Well first things first, Happy New Year! We have transitioned to a new year, but it has yet to feel "new". It is like we are still in our old pair of boots, the miles have changed, but the boots are still ragged and worn. Yet, these boots are getting close to being replaced. They have a few more miles left in them until change will be brought upon us. That is how it feels, and of course we are going to use a hiking metaphor, but we digress again, Happy New Year! Hope everyone had a safe and happy holiday season. Should we start off this post by saying, new year, new me? No, that would not be accurate. It is not the year that changes you, but the day, and your mindset in each moment. Then should we say new day, new chance? Yes, that feels far more accurate. New chance to find rest in the exhaustion, new chance to reach further reach deeper, and a new chance each day to change and grow into the best we can possibly be. So, new day, new chance, let us all seize it. Let us go higher and higher to reach that alpine zone inside of ourselves and that alpine zone of the wild.
See for miles, embrace the views, embrace the elements!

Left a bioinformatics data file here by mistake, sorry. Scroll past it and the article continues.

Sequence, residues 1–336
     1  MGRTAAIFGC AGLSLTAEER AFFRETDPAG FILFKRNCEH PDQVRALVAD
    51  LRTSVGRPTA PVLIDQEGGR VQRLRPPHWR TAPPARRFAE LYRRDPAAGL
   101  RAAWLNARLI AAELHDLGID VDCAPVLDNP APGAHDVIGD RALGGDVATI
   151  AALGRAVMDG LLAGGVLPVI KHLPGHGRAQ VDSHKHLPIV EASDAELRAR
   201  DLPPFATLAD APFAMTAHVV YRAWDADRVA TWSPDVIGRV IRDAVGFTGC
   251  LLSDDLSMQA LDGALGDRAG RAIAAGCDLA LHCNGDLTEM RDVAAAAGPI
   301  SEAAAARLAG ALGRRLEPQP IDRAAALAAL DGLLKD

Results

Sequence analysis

Alpine travel is by far one of our favorite environments to hike in. What do we mean by alpine travel? Well, it is a very broad context. It can cover everything from peaks and ridgelines of 4,000-5,000 ft mountains all the way to 13,000-14,000 ft mountains and above. It can even surpass 15,000 ft but to do that type of hiking you either will have to be in Alaska, or travel outside of the states to find incredibly high mountains. The travel on these types of mountains above 15,000ft also are "alpine travel" but in a completely different world than what we are referencing. So, let us define alpine travel in the 14,000ft and below mountains.
Simply put alpine travel is when you hike above tree-line. It is the moment that you leave the comfort and the blanket of the forest and start to ascend to a mountain pass, mountain peak, or ridgeline. The elements have dictated that no trees shall grow past a certain threshold. Wind, snow, avalanches, sheer cliffs, rock, the mountain has began to change its colors. As you begin to climb towards the alpine zone in lower alpine zones, you start to see small changes around you. Thinner trees, more rock in each footstep, the brush thins, and begins to be replaced with high alpine flora. To reach the threshold above tree-line is a journey onto itself, and it may be through miles, or one step you may find yourself stepping out of the trees and all in front of you is just broad open expanses of land, a beautiful sight.
Depending on the trail there will be a sign announcing your transition.